Operationalizing the risk environment: spatial distribution of people who inject drugs and hotspots of social injecting activity in Montreal, Canada

Author: Minoyan N, Artenie AA1, Høj S, Jacka B, Jutras-Aswad D, Sylvestre MP, Bruneau J

Theme: Epidemiology & Public Health Research Year: 2019

People who inject drugs (PWID) are considered a priority population in global HCV elimination efforts. It
is acknowledged that drug harms are concentrated within specific social and geographic spaces (“risk
environments”). Identifying these spaces may improve targeting of public health interventions.
i) Describe geographic dwelling and injecting spaces occupied by PWID in Montreal between 2004-2017;
ii) Identify areas demonstrating heightened clustering of social injecting locations (“hotspots”);
iii) Examine potential period effects reflecting evolving drug epidemics.
Data were drawn from HEPCO, a longitudinal cohort study established to examine individual and
contextual determinants of HCV infection (eligibility criteria: age ≥18, self-reported injection in the
previous 6 months). At regular (6/3-monthly) visits, trained interviewers collect sociodemographic and
behavioural data, and nurses perform HCV testing. Participants report the postcode of the place they
slept most often in the past month (“dwelling location”) and where they most recently injected with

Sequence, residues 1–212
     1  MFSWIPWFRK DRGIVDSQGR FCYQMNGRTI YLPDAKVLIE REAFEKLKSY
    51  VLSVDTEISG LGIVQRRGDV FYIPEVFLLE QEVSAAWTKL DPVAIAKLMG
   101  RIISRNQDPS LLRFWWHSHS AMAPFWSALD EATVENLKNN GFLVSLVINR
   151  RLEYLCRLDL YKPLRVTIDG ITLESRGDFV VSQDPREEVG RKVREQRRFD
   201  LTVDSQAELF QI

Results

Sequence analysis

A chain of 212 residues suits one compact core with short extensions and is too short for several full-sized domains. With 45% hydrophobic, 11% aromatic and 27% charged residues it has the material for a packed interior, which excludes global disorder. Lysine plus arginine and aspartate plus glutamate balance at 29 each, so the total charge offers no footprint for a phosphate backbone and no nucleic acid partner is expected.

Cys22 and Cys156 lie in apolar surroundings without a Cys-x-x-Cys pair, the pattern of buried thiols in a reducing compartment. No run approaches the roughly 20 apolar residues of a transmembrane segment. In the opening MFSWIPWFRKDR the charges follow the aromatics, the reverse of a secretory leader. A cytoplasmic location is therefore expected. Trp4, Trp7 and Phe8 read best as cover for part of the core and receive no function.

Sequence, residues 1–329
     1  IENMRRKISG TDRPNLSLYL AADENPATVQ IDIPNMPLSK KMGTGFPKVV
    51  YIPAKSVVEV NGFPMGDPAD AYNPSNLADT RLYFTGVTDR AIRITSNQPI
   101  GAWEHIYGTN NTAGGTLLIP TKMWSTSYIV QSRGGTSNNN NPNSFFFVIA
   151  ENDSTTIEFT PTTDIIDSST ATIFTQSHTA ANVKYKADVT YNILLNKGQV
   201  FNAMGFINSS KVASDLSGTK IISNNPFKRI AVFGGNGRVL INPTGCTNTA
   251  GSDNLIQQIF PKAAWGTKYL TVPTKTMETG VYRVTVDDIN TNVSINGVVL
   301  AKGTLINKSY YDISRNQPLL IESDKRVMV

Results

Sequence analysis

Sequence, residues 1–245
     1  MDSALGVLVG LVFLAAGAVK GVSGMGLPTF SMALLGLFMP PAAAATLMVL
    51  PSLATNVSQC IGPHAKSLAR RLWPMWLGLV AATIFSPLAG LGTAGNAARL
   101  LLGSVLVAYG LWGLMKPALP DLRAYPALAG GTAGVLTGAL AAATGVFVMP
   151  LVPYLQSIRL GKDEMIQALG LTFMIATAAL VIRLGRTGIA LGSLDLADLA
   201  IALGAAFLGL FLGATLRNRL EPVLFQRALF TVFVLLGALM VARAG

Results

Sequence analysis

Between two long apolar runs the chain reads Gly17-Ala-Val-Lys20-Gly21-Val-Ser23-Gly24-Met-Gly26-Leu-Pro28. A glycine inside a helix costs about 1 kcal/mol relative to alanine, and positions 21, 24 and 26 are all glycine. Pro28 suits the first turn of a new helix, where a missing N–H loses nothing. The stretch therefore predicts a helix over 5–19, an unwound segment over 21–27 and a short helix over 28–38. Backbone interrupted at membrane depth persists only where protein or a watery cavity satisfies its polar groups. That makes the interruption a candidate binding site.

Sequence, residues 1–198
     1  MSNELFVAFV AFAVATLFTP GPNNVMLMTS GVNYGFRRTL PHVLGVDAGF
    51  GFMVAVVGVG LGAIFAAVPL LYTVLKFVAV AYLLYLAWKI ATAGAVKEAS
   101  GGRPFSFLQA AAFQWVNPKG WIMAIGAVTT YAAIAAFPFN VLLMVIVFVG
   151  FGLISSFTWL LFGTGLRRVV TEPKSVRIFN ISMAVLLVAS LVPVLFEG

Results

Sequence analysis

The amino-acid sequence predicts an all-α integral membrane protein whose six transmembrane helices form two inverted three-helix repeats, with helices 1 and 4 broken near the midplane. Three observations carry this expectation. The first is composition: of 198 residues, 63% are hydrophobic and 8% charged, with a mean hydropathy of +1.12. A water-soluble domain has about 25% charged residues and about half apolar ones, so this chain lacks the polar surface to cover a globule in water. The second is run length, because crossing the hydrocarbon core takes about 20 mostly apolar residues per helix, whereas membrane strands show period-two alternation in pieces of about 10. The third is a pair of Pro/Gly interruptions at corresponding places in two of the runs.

(an)other person(s) present (“injecting location”). Analyses: Spatial analyses were performed in R,
ArcGIS and GeoDa. Period effects were assessed by analyzing 2004-2010 and 2011-2017 eras separately.
The Getis-Ord-Gi* statistic was used to identify hotspots (areas demonstrating significant clustering of
injecting locations; null hypothesis: random distribution across Montreal island).
Results: 1540 participants reported 9489 dwelling (2296 unique) and 3892 (1416 unique) injecting
postcodes. Across both time periods, injecting locations were concentrated in the downtown area,
whereas dwelling locations were more dispersed. The mean centres of dwelling and injecting locations
have remained stable over time, however, deviation from these centres was greater in 2011-2017,
suggesting geographical expansion over time. Results of hotspot analyses suggest a core area in the
downtown/old town that has expanded over time, with an emerging hotspot further south.
Conclusion: Geographic expansion and emergence of social injecting hotspots call for ongoing
assessment of risk environments and adaptation of harm reduction strategies.
Disclosure of Interest Statement:
NM and AAA are supported through CanHepC PhD trainee scholarships. JB is receiving advisor fees from
Gilead Sciences and Merck and a research grant from Gilead Sciences, outside of this current work.
None of the other authors have commercial relationships that may pose a conflict of interest in
connection with this work.

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